Reading Jim Steranko’s History of Comics, it becomes clear that there is a definite path between the pulps and comics. Tough-jawed men, hysterical women and strange menaces translate very easily from the medium of the pulp novels to comics, a style that stretches from the golden age of comics all the way to today.
The pulps were designed as cheap disposable entertainment, so it should come as no surprise that so many of the key components of the pulps ended up in comics. An intelligent yet tragic hero often found himself stuck in a violent world full of vice and danger with a seemingly endless sea of troubles threatening to drown him in the pulps and that can certainly be said about many comic books.
In his newspaper strip the Spirit, Will Eisner evoked more mood thank most motion pictures. His seedy streets dripped off of the page, his fist-fight stumbled along the confines of the panel and his heroes had more meat than a ration book. While Eisner may get more attention today and be almost automatically regarded as one of the masters (if not THE master) of the comic book art form, it’s not without reason. Eisner saw the form of comics and gave it depth, he saw plots and granted those stories meaning, even his stock characters took on a certain kind of tangibility. In this post-modern world it’s difficult to imagine a time when an artist could genuinely innovate in the comic world, but that’s essentially what Eisner did.
The Spirit also felt like a pulp with just a dash of super hero (enough to get him through the door and into the super hero club) to it. Frank Miller, like many comic artists, idolized Eisner as a mentor. His Daredevil series took the pulp sensibilities and added a dash of 1970′s cinema to it. Whereas Miller is today almost a joke on his former successes, back in the day he was a genius. Adding Klaus Janson’s capable inks to Frank Miller’s pencils was like a dream come true. Many sharp readers had seen Janson’s moody work in Moon Knight and were not disappointed to see it mature in the pages of Daredevil. In truth, Janson helped Miller as much as Miller helped Janson. But it’s hardly a point worth debating as the end result is so stunning.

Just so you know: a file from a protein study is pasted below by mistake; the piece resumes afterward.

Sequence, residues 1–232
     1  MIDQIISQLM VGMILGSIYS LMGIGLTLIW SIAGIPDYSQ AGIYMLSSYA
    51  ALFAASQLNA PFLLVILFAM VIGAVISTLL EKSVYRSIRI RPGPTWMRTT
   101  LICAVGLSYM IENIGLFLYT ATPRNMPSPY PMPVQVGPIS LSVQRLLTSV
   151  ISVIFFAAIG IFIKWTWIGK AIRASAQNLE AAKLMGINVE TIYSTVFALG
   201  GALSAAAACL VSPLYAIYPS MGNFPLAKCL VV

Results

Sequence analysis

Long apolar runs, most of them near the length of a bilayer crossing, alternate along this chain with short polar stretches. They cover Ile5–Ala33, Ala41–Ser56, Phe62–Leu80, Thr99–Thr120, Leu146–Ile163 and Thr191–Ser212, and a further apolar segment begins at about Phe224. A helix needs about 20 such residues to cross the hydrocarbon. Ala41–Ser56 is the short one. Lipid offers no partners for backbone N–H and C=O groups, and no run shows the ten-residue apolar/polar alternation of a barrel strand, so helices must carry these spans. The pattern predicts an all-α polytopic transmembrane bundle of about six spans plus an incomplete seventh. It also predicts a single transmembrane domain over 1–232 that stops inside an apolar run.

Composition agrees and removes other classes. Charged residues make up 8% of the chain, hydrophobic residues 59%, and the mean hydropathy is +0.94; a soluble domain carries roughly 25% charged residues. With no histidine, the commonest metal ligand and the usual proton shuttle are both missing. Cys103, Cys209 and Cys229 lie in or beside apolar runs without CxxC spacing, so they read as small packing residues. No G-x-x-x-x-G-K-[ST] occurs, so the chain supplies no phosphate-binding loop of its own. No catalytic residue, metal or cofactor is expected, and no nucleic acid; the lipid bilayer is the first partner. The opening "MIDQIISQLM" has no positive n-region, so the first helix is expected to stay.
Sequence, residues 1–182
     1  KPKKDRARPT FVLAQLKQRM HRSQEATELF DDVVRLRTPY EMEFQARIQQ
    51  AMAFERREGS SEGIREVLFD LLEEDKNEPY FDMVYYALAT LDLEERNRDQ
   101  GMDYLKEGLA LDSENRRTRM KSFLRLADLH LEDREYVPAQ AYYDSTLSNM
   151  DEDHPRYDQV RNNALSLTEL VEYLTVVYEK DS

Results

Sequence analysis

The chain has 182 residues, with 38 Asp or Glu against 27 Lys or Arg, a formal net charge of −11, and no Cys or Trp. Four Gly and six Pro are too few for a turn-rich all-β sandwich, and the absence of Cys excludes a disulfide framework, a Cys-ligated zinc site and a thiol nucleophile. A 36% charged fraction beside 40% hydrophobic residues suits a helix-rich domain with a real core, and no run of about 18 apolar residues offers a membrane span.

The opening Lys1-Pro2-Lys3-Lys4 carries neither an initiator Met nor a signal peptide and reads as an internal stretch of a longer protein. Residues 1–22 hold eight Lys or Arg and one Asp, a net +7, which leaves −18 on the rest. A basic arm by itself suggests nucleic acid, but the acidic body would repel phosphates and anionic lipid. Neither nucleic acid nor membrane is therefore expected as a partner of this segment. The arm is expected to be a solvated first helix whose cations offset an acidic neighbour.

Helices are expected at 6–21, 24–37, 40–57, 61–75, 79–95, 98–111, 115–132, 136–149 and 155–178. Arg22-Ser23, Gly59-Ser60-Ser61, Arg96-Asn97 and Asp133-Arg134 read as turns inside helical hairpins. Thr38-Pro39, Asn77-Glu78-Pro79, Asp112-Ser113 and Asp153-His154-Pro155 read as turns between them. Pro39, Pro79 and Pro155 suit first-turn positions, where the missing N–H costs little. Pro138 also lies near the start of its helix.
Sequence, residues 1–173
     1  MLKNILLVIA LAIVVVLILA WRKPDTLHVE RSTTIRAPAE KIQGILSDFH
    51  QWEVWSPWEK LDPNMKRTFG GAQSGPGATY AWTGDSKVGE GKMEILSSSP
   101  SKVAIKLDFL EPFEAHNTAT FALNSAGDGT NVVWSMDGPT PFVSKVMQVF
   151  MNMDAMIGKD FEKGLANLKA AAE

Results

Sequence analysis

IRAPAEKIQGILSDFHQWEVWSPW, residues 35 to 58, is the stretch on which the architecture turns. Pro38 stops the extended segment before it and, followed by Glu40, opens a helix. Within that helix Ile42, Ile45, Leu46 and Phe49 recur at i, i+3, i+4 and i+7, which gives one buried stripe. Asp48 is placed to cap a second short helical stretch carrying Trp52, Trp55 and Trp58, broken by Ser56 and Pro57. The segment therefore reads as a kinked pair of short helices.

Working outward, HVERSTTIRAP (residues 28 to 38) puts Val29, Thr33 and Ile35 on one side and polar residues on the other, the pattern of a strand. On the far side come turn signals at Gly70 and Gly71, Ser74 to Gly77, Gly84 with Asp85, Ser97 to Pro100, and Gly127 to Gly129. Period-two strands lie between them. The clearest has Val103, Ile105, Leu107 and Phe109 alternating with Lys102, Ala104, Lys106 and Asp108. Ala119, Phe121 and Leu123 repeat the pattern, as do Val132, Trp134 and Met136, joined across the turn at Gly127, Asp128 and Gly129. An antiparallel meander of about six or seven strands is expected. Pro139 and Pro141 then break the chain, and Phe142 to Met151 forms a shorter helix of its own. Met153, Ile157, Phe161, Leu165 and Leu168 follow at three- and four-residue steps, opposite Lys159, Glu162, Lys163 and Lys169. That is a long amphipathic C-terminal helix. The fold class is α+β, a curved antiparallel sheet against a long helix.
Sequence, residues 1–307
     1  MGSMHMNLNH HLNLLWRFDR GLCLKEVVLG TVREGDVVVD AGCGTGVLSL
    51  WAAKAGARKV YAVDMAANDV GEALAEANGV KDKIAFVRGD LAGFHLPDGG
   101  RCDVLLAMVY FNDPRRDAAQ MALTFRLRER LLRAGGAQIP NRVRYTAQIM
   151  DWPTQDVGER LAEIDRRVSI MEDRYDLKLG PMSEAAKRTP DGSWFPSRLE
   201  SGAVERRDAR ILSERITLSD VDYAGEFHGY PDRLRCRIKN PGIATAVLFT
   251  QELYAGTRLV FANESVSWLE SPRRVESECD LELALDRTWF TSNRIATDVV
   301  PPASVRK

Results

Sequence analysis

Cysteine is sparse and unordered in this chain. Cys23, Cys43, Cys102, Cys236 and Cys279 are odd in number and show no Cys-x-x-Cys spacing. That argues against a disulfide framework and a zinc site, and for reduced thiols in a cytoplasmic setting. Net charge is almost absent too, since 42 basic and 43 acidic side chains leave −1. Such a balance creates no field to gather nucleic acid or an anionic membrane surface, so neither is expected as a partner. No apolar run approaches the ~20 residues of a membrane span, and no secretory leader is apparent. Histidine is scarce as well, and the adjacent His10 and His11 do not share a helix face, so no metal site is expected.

Reading Daredevil comics, the reader could hear the impact of DD’s punches and smell the booze-laden breath of the hoodlums he was slugging.The reader could also feel the ache of Murdock’s loss and feel the sharp chill of Elektra’s grave. The streets of Frank Miller’s comics were full of criminals living in their own disease-ridden filth as the enraged Daredevil watched over them, perfection in body and mind yet tragically heart-broken in his soul. As sensational as it was dynamic, Miller’s run re-introduced readers everwhere to the connection between the pulps and comics.
In the late 1980′s, former Batman editor Denny O’Neill introduced a new spin on the pulp dynamic with his adaptation of Steve Ditko’s The Question. A deranged and troubled man, reporter Vic Sage felt himself compelled to dig his bare hands into the corruption of his city to find truth. Walking defiantly into the face of trouble, Vic Sage was compelled to remind his opponents, ‘we don’t have to do this.’ An existentialist action hero who openly addressed the futility of violence is something that I had never seen done before, and portraying Sage as your typical tough guy only added weight to the argument. A comic of its time, The Question addressed urban decay more than I’ve seen any other comic book do before or since.
Writers such as Duane Swierczynski, Ed Brubaker, Jason Aaron, and Garth Ennis to name but a few imbue their work with so much machismo that you’d think each issue had a ‘no girls allowed’ label on it. The rebirth of the tough guy comic in recent years has proven that you cannot separate the pulp from the comic book. While there are many long underwear types still flying about, there’s still a ‘regular guy’ who’s not afraid to walk into a seedy bar and ask the tough questions.
What’s your favorite pulp?